What is the best flour for cake baking? This article talks about the impact different flours have on cakes as they bake. It’s important to choose the right flour in order to achieve the best results for homemade cakes.
When prepping for your next big baking project, do you stop to consider what flour will suit your cake best? Probably not. After all, many people don’t even keep more than one type of flour in their pantry. Whatever you have on hand will work, right?
Not always! Flour is the foundation of any cake, so it’s important to choose your flour wisely before you begin to bake. Although they all look alike, the properties of different flour types can make a significant impact on the way your cake bakes. Flour has an impact on the way your cake rises, bakes, tastes, and crumbles, so it’s important to evaluate your options carefully before baking your cake.
You’ll find four main flours at most local grocery stores: cake flour, pastry flour, all purpose flour, and bread flour. They might look the same upon first glance, but they’re actually quite different. The biggest differentiator – and the one we care most about – is the protein content. The baking process transforms these proteins into gluten, which plays an important factor in the outcome of your cake.
Gluten gives bread its hearty structure and chewy texture, so it would make sense that bread flour contains the highest amount of protein, coming in between eleven and fourteen percent protein. Cake flour is at the opposite end of the spectrum with only six to eight percent protein. All purpose flour and pastry flour fall in the middle.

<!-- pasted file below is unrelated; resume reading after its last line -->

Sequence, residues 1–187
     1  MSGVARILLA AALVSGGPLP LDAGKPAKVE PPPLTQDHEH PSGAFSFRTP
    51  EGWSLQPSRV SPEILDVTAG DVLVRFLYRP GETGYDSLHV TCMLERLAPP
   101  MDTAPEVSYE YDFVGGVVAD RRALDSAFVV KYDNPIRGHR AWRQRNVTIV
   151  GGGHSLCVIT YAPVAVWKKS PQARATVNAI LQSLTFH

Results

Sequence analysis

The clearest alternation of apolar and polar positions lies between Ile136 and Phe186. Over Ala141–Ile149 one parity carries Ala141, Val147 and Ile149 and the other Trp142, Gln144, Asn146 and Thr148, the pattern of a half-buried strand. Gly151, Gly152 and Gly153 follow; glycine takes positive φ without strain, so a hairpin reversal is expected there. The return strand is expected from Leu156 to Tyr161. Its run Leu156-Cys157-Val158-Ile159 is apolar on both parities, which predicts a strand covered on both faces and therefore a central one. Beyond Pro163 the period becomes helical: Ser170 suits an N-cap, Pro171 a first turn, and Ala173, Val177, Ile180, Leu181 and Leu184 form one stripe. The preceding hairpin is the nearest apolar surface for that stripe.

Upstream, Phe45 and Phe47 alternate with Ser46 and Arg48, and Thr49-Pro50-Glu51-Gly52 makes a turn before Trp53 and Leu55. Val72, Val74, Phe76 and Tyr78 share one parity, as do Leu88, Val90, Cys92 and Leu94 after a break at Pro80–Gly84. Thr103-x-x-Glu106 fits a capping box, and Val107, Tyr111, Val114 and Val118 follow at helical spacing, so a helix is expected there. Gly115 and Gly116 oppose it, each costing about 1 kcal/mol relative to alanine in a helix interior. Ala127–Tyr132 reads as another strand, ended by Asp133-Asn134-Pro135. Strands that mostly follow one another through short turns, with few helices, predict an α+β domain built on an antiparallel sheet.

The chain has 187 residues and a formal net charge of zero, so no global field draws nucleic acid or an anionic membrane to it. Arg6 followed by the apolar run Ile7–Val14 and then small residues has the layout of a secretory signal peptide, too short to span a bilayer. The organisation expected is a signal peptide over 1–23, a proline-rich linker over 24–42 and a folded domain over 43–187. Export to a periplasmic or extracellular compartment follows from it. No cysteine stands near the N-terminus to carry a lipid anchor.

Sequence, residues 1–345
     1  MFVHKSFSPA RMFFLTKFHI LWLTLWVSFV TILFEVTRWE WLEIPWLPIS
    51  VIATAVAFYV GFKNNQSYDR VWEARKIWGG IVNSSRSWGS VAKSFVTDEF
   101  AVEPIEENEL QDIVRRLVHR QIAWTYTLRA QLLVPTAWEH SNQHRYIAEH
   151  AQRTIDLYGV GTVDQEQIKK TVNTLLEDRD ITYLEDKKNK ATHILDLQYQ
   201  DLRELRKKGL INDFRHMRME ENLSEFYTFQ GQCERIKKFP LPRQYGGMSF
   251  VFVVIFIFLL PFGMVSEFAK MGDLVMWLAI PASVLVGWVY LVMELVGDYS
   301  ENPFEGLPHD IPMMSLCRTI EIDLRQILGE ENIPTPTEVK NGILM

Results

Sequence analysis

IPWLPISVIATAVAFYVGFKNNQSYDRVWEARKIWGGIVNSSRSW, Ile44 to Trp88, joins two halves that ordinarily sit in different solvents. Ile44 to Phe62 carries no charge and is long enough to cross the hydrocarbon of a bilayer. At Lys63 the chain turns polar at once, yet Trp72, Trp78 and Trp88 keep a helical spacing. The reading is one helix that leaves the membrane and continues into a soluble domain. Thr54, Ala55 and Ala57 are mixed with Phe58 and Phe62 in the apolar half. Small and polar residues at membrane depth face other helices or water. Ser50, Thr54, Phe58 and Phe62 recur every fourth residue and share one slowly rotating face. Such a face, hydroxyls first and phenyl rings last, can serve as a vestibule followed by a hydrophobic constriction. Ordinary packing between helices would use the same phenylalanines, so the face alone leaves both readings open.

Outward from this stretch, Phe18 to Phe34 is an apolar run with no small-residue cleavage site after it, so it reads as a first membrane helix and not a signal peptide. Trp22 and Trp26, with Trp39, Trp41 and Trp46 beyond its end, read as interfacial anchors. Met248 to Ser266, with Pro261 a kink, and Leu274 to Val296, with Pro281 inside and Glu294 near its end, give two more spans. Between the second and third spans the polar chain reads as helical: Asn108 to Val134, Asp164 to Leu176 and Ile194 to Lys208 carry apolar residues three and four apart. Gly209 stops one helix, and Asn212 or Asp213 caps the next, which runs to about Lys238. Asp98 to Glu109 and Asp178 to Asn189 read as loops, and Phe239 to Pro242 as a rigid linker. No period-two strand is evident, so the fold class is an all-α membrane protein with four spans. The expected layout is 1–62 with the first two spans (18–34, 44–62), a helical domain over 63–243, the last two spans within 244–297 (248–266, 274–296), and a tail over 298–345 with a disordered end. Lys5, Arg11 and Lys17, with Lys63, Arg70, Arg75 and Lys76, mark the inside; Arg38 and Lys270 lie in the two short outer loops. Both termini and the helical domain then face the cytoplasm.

It should come as no surprise that the best flour for baking cakes is, well, cake flour. Cake flour contains the perfect amount of protein to give your cake structure and create the texture you’re after. It’s often found in a box – not a bag – and feels silky-smooth to the touch. That’s because it’s ground much finer than many other types of flour on the market.
For an optimal cake, opt for bleached cake flour. Bleached flours are treated with chlorine as part of the process – it sounds weird, I know, but I promise it’s a good thing. The treatment actually changes the way the starch in your recipe behaves, leading to a slower rise time and a lighter, fluffier final product.
If you can’t use cake flour, pastry flour will help you achieve the next-best results. Pastry flour is perfect for muffins, brownies, and cookies, but you can substitute it for cake flour in a pinch. You can even use all purpose flour if you have nothing else on hand by adding a bit of cornstarch to the mix.
Whatever you do, avoid substituting your cake flour with bread flour, or you’ll wind up with a cake that’s dense and chewy.
There are, of course, other types of flour on the market to consider. Gluten-free flour is becoming more widely available, and almond flour is another option found in many stores. However, I caution against experimenting with these unless there’s a legitimate need. If you’re looking for a gluten free cake recipe, try our vanilla cake!